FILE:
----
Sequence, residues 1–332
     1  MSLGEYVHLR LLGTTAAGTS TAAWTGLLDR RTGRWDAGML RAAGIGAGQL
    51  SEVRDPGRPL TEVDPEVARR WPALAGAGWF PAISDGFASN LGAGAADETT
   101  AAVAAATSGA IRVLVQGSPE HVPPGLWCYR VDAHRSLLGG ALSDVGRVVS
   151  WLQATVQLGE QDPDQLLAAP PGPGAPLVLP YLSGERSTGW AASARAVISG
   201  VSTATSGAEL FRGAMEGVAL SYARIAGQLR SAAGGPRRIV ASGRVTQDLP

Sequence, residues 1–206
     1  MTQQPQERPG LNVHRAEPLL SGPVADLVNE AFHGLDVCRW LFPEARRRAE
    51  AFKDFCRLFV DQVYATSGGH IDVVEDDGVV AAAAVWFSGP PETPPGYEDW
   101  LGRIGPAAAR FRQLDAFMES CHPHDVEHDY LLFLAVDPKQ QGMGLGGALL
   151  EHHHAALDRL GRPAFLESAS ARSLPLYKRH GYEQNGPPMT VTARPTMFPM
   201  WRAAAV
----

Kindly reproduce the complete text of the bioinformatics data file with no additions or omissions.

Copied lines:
Sequence, residues 1–332
     1  MSLGEYVHLR LLGTTAAGTS TAAWTGLLDR RTGRWDAGML RAAGIGAGQL
    51  SEVRDPGRPL TEVDPEVARR WPALAGAGWF PAISDGFASN LGAGAADETT
   101  AAVAAATSGA IRVLVQGSPE HVPPGLWCYR VDAHRSLLGG ALSDVGRVVS
   151  WLQATVQLGE QDPDQLLAAP PGPGAPLVLP YLSGERSTGW AASARAVISG
   201  VSTATSGAEL FRGAMEGVAL SYARIAGQLR SAAGGPRRIV ASGRVTQDLP

Sequence, residues 1–206
     1  MTQQPQERPG LNVHRAEPLL SGPVADLVNE AFHGLDVCRW LFPEARRRAE
    51  AFKDFCRLFV DQVYATSGGH IDVVEDDGVV AAAAVWFSGP PETPPGYEDW
   101  LGRIGPAAAR FRQLDAFMES CHPHDVEHDY LLFLAVDPKQ QGMGLGGALL
   151  EHHHAALDRL GRPAFLESAS ARSLPLYKRH GYEQNGPPMT VTARPTMFPM
   201  WRAAAV